The three boats gradually align with one another as the rowers sit still adjusting their positions to balance their boats and prepare for their next 20 strokes. The now-risen sun lights up the dark skies and everyone remains silent on the water as the coxswains wait to give an ‘okay’ signal to Long by raising their hand. Carefully watching for the raised hands on the side, Long yells out, “A hand is up! One hand is up!” The girls brace themselves, re-gripping their oars and waiting for the starting mark. As soon as Long yells out, “ready…set…row!” With a speed of 2000km/8 minutes, the boats blast off with immense power as the coxswains’ voices drop to an unexpected powerful deep tone, screaming at their rowers to

pull harder in unison. Coach Long quickly raises the megaphone to his face yelling at the girls, “Get pissed! Come on, I want to see you guys angry! Pull, pull!” The faces of Shibata and her teammates begin to turn bright red, as they exhale heavily with slanted brows and piercing eyes pulling their individual oars in an uncanny unison. After what felt like 15 minutes, the girls slowed their rowing as their boats decreased to a steadying pace. “Nice! Just work a little on your swing and the angle you put your oar in.” Coach Long continues to give constructive criticism to the girls as they laugh and wipe away the sweat around their foreheads and necks. The girls continue practicing short periods of high-powered rowing until 7:30am when they loop around back towards the boathouse.

The women’s team usually practices with three “four-boats” but in total the UCI team owns eight “eights”, eight “fours”, two “pairs”, two “doubles”, and three to four “singles”. Although both a double and a pair involve two rowers, pair boats use a technique called “sweeping” which is where each rower has only one oar to themselves while doubles use “sculling” where each rower has two oars to themselves. The boat is divided between the bow and stern so in an eight person boat the four front people are called the stern and the back are called the bow. The terms are opposite from those of a regular boat because in rowing the rowers are facing backwards and therefore the bow and stern are also reversed. The naming of the boats go by the number of rowers that are on board excluding the “coxswain” who is responsible for encouraging the team, controlling the pace, and guiding the direction of the boat. Because weight is a determining factor of speed in rowing, often times the coxswain will be a female preferably of petite proportions. If a coxswains yells out “wane off” it signals the rowers to stop the boat and if the rowers need to amp up the power they will say “power 10” and the rowers will take faster strokes and apply as much power as they can to those 10 strokes.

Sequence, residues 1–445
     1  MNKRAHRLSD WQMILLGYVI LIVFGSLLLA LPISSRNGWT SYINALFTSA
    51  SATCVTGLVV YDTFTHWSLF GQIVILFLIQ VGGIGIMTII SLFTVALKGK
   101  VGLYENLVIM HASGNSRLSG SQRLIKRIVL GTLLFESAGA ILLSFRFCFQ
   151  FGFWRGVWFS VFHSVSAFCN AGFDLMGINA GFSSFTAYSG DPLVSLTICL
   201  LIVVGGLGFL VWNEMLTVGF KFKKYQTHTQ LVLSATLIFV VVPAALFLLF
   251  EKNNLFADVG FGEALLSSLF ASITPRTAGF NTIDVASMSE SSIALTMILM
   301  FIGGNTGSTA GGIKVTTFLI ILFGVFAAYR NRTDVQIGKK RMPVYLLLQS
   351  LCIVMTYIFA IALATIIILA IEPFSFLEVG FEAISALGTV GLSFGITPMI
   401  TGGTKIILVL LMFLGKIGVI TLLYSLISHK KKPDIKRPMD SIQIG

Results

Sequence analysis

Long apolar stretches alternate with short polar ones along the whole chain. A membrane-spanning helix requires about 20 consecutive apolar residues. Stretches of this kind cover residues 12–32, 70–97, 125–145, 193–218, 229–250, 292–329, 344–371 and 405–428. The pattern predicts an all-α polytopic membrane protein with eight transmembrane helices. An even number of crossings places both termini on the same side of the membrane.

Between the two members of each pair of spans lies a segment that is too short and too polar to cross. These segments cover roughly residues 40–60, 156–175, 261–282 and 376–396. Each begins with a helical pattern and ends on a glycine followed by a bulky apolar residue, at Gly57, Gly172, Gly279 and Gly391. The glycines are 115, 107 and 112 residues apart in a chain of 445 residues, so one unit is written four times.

Rowing itself remains one of the oldest and traditional collegiate sports in the nation and was one of the seven founding sports of UCI. Crew officially began at UCI in 1965 with current men’s varsity Coach Duvall Hecht, coaching the men’s intercollegiate Rowing and Coach Long coaching for women’s rowing founded in 1990-91. Both Hecht and Long left UCI for several years as Hecht coached the UCLA team from 1973-1979 before returning in 1992 and Long leaving for family reasons until returning